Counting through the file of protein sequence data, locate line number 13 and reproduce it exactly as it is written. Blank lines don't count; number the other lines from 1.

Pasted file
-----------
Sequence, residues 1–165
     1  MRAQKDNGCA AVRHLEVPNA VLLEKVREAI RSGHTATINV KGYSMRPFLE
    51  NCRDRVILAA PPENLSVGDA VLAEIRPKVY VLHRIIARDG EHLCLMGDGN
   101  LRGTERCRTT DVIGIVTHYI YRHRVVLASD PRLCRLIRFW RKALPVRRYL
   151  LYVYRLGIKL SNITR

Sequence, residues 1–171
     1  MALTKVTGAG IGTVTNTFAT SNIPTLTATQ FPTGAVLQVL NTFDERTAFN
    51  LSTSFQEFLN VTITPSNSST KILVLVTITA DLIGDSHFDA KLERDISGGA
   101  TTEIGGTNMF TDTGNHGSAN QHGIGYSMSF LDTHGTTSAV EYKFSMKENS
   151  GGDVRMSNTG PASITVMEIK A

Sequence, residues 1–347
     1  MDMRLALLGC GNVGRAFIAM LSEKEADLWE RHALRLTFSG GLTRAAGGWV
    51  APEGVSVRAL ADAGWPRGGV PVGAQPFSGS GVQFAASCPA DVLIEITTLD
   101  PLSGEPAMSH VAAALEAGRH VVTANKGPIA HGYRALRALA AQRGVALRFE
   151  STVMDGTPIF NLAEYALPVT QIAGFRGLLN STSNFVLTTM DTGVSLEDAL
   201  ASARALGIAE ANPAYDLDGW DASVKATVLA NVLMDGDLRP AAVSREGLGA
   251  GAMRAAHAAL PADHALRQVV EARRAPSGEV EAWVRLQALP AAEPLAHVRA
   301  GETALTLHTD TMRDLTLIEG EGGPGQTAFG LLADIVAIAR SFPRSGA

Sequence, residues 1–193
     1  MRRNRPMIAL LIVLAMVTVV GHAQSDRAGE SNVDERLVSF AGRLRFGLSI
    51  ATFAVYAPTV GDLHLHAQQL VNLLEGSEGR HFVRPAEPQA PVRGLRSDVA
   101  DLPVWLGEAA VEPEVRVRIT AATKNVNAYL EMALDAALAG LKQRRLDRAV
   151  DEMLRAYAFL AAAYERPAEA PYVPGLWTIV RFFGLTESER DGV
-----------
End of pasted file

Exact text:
    51  APEGVSVRAL ADAGWPRGGV PVGAQPFSGS GVQFAASCPA DVLIEITTLD